There is a reason why this post doesn’t have any riding photos during the race at Barry Roubaix. My hands were numb and barely functioning. My camera was easily accessible, but I couldn’t bare the thought of removing my gloves. I was chilled to the bone and my shoes were sloshing with each stroke.
I can take cold when I’m riding. I can take wet. However, cold and wet combined are almost impossible to protect yourself from and this year’s Barry Roubaix was way colder and wetter than I was prepared for. Water seeped down my arms and into my gloves. It wicked from my tights straight into the tips of my socks.
The forecast that I looked it at made it seem like we might get hit with a few light drizzles and temperatures in the low 40s. My clothes and my mental state were prepared for that. The actual temperature hovered around 32 and we had at least an hour of complete downpour. By hour three, in my almost 4-hour journey, I was starting to shiver and I knew that I was teetering on the edge of what my body could handle.
Barry Roubaix is billed as the “World’s Largest Gravel Road Race”. This year over 3000 cyclists registered. There are 3 distances of 22, 36 and 62 miles with elevation changes of 1200, 2200 and 3800 feet respectively. I signed up for the 62-mile version because that’s how I roll. The course meanders along gravel and paved roads around Barry County, Michigan and despite the fact that I was suffering, I could appreciate the bucolic scenery that surrounded me.
I opted to do the race on my singlespeed mountain bike because I thought this would be a great training ride for Mohican 100 and the TriState 6-hour series. After looking at the finishing times from last year it was obvious that I wouldn’t be competitive. My rig, with its 2:1 gearing and big knobby tires doesn’t go as fast on the open flat roads as the sleeker gravel and CX bikes that were all around me.
The typical example was that I would draft off of a group and have no problem keeping up in the hilly gravel. The gnarlier the conditions, the easier it was for me to keep pace. On most uphills and downhills, I was faster than the guys around me. But as soon as we hit a paved road section I would get dropped and have to find a new group. This pattern repeated at least a half dozen times throughout the ride.
My advice, if you have access to a gravel or CX bike, then use it over a mountain bike. If I was to do singlespeed again, I would definitely up my game from 32:16 to 32:15. I didn’t have any trouble making it up any of the hills, although there were definitely a few folks walking the harder ones, and I definitely could have used more oomph on the flat roads.
The weather took its toll on a lot of riders. The SAG wagon was working overtime and my friend Joe Worboy had a 2-hour wait when he decided he couldn’t survive the weather in what he was wearing after 20 miles. (Of course Joe is so tough that he put on warmer clothes and went back out and completed the whole race). Others were not so tough and were opting for shorter routes than they had signed up for. Honestly, just having the courage to cross the starting line took a decent amount of courage (or stupidity).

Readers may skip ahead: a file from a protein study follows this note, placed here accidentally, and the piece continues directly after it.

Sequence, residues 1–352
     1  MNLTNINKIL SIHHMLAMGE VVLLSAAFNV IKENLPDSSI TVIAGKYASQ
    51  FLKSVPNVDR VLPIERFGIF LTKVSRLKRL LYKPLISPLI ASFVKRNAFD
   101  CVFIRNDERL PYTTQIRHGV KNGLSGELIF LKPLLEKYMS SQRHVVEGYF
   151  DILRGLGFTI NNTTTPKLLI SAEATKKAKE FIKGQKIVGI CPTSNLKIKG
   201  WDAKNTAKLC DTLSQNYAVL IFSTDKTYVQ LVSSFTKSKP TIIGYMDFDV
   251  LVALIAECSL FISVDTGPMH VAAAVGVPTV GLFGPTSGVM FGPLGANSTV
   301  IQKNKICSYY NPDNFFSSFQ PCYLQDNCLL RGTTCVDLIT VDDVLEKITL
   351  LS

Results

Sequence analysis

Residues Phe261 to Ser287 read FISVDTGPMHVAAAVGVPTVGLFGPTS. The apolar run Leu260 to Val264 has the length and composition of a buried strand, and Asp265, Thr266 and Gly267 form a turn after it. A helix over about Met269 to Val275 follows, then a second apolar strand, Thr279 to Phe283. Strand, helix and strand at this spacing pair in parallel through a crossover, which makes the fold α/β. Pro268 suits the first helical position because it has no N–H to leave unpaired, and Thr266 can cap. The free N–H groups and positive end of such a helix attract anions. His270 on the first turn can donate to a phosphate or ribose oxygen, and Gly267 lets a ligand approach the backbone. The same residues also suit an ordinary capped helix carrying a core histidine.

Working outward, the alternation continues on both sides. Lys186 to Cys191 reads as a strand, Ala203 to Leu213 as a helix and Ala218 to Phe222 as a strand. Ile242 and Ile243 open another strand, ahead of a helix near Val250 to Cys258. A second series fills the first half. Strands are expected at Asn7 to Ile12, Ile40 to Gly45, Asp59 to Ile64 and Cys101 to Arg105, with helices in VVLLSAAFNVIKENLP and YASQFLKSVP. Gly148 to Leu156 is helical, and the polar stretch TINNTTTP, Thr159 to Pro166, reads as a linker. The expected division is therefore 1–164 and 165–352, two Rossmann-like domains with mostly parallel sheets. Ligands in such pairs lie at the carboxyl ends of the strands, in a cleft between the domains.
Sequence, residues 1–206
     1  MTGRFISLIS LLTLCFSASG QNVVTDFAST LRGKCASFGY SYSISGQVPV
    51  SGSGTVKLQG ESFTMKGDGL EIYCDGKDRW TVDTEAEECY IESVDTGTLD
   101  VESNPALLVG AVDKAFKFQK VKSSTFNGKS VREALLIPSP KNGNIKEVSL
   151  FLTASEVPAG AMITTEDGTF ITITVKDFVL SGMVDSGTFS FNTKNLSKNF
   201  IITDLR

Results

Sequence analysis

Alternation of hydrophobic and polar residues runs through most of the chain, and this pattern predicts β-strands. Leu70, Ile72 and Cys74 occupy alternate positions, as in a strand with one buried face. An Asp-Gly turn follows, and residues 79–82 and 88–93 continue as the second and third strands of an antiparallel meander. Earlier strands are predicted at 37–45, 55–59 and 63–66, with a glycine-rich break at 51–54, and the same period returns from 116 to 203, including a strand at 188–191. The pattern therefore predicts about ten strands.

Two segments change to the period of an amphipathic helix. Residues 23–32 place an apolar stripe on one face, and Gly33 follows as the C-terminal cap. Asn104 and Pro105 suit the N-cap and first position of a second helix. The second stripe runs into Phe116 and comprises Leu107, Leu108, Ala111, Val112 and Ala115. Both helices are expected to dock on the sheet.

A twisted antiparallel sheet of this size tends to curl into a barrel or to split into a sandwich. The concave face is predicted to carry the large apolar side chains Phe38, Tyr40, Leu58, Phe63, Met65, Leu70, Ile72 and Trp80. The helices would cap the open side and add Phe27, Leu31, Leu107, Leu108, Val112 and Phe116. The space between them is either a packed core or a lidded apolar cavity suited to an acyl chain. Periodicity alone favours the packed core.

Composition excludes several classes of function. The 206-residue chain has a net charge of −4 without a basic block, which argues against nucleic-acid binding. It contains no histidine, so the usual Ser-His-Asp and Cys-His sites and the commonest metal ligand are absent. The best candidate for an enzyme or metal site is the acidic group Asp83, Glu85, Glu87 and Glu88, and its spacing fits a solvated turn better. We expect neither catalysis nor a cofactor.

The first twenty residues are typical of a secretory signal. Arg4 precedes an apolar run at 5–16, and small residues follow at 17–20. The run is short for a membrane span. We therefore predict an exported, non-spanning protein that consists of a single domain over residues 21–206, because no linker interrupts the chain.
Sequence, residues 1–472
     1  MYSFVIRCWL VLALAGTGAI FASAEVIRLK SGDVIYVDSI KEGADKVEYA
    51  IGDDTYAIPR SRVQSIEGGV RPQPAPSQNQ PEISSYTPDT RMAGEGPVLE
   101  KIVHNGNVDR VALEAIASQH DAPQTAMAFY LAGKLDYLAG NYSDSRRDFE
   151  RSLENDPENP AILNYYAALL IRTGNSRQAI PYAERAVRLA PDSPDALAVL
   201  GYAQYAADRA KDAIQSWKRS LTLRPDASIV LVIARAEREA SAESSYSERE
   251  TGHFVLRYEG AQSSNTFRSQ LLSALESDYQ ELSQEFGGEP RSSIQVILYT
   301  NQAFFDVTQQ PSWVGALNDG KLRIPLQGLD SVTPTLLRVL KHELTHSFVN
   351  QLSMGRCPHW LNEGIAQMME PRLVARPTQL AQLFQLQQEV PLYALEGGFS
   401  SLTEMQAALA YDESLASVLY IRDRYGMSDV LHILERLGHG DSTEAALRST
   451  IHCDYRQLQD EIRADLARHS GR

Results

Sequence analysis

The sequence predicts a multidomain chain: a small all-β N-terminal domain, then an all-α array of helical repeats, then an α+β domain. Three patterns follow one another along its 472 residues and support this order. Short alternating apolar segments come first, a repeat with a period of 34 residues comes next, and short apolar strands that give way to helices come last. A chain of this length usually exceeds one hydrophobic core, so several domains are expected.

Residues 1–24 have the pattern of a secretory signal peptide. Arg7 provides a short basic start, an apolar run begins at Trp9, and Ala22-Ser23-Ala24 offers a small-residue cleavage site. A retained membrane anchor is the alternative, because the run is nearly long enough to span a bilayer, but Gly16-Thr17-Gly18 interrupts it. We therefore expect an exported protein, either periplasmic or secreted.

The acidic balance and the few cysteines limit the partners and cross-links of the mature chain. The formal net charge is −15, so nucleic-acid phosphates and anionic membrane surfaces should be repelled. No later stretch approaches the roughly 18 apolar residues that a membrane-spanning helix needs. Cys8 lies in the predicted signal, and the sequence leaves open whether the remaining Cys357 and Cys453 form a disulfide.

Just to give you a sense of how hard it was I will throw out some numbers. Overall 3020 racers registered, but only 1863 people finished. That’s a 38% drop out rate. At the 62-mile distance, which would require much more suffering, 671 people registered, but only 337 finished – a 50 percent drop out rate. In the men’s 62-mile singlespeed division, which is what I was in, 49 paid and 33 finished, a 33 percent drop out rate that was lower than the average and proves that singlespeeders are tougher and stupider than other riders. I finished 17th out of 33 finishers in singlespeed and 148th out of 337 finishers in the overall 62-mile distance. Not too shabby.
But, despite all the suffering I described, this is an awesome event! I want to do it again. If you were blessed enough to have a nicer day, which is hit or miss in Michigan in March, you could have a really pleasant ride. It’s the kind of event, where elite athletes show up and are intermingled with more casual riders who are just proud to finish.
I was in the first wave because I signed up so early. And while, I loved being up front and not having to fight traffic, it was hard to appreciate the sea of riders that had lined up on the street around the corner from the start line. It wasn’t until I saw pictures afterwards that I realized how large the crowd was. This event is a big deal in Hastings, Michigan and it seems like the town really throws it’s support behind it.
Afterwards there is a cool party with Founders beer on tap for $4 a beer and awards being given on a big stage. I imagine that the party was a little smaller this year because of the weather, but I had a blast hanging out with my buddies Dan Fausey and Mikey Worboy by the warm fire while we waited for Joe to finish (although we had no idea what had happened to him or why it was taking so long).
If I sign up again next year, who is in? This is a road trip you don’t want to miss. The crowd is massive, the scenery is beautiful and the competition can be fierce. Some people go to race, some just want to finish, and others are just looking for an excuse to drink a refreshing Founders beer at the finish. In some years, like 2017, it’s just survival of the fittest. Are you tough enough for Barry Roubaix? Why don’t you sign up and find out?